Newspapers in Hong Kong typically fall under one of two, polarized political camps: pro-establishment and pro-Beijing, or pro-democracy. Sing Tao Daily, a traditionally pro-establishment Chinese-language paper with ties to the Chinese Communist Party, has begun to erode its pro-government stance by running anonymous critiques of Hong Kong Chief Executive Leung Chun-ying and the Beijing-operated China Liaison Office.
Though Sing Tao has traditionally supported Leung’s regime, it appears as though frustration towards increasing encroachment on internal affairs and press freedom by the Beijing-backed Hong kong government (such as the disqualification of pro-independence candidates) has manifested in the paper’s recent criticism of the Liason Office and its affiliates.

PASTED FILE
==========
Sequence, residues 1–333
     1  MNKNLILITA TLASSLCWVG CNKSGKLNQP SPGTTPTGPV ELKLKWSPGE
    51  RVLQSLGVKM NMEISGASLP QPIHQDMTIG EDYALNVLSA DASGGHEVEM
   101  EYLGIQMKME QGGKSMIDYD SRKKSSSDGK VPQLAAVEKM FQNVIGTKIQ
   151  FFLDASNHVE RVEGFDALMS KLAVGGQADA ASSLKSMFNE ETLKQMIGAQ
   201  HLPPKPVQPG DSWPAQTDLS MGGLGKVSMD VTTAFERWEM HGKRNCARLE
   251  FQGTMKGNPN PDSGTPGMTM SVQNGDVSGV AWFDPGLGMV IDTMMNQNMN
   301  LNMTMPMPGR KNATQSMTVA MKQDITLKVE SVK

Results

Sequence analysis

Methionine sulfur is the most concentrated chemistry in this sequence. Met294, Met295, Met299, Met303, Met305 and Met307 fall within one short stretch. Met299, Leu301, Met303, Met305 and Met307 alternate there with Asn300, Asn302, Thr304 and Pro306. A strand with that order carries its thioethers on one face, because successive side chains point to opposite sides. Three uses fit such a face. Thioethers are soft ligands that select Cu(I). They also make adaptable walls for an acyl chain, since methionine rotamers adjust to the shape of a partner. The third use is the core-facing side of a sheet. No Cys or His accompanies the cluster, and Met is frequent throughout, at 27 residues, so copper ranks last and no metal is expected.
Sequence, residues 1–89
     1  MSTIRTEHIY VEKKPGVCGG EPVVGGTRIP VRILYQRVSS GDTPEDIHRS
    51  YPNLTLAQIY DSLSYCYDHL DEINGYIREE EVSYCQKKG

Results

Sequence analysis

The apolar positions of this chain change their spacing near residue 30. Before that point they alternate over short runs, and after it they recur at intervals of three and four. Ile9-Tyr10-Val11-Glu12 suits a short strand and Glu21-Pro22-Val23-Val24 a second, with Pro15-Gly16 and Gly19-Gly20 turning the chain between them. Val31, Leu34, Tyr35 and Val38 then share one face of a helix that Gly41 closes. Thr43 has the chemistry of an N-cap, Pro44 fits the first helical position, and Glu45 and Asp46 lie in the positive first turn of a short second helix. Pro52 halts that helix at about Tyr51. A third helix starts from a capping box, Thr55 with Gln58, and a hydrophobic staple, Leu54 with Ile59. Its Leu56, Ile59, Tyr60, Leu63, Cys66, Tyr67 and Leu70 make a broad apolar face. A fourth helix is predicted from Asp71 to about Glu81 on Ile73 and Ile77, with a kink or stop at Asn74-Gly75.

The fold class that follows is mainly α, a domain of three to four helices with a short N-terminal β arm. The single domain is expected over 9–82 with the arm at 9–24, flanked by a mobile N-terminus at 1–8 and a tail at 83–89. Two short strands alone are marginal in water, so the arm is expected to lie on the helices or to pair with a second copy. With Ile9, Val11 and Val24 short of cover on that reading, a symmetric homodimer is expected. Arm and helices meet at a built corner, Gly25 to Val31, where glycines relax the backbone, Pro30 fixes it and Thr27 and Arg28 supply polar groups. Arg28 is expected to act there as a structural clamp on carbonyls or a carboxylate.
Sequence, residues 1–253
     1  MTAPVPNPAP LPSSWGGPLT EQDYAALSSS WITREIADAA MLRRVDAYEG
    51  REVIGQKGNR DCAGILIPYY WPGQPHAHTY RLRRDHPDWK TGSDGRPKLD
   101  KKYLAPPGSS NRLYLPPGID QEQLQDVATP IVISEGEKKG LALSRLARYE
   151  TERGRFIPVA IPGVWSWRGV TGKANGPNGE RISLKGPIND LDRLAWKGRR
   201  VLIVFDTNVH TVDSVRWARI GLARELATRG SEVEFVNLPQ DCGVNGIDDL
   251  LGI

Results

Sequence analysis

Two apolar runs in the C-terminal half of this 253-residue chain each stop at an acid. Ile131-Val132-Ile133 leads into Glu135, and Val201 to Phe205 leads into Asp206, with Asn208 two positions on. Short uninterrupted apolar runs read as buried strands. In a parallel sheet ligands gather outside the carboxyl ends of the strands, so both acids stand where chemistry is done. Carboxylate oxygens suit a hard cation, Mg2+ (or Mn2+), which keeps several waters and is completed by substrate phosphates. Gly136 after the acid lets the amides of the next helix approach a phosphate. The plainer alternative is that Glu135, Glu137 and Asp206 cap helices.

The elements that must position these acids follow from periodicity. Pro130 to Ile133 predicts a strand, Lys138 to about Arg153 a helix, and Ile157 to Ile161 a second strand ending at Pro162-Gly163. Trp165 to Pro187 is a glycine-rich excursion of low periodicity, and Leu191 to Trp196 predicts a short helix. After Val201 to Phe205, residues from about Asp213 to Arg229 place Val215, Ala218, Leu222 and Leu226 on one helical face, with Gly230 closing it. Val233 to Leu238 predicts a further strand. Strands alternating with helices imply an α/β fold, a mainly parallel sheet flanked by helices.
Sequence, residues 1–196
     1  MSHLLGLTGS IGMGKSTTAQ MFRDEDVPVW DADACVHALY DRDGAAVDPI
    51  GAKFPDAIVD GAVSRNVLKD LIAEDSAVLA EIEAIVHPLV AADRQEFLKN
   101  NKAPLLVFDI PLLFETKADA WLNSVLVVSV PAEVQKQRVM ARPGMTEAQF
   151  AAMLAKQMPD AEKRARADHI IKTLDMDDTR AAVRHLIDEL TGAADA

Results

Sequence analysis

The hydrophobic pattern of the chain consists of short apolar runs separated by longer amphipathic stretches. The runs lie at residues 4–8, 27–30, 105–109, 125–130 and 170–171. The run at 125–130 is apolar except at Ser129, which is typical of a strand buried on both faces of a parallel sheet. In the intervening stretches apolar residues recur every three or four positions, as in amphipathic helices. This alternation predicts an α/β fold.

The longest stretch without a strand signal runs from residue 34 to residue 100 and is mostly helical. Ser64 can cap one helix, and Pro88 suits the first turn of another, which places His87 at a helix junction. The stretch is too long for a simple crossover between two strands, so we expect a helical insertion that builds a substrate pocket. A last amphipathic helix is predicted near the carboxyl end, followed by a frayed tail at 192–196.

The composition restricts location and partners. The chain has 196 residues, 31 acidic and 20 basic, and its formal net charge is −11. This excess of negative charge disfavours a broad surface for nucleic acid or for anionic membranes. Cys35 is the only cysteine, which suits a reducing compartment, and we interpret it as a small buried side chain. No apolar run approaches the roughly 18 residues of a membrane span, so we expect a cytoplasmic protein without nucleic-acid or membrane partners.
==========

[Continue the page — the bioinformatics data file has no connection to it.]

An article in Hong Kong Free Press claimed that Sing Tao’s anonymous writer has accused the Liaison Office (a powerful mouthpiece of the Chinese government in Hong Kong) of interfering in the city’s domestic affairs and “manipulating local legislative elections by supporting groups that divide the pan-democracy camp”. After running a critical editorial on senior Chinese government official Zhang Dejiang, the paper claims to have been “harassed and threatened” by Chinese authorities. Mouthpieces of the Chinese government have since published reports accusing Gu Zhuheng, the chairman of Sing Tao News Corporation, of being a wanted fugitive involved in an illegal money lending platform. These accusations echo other attempts by the Chinese government to silence and suppress criticism by Chinese human rights lawyers and activists, such as the recent incarceration of Chinese artist Ai Weiwei’s former lawyer Xia Lin under alleged fraud charges. The fact that Hong Kong journalists and politicians are now subject to the types of unjust treatment bespeaks the potent and tangible erosion of political and press freedom in a city that once enjoyed freedom and autonomy.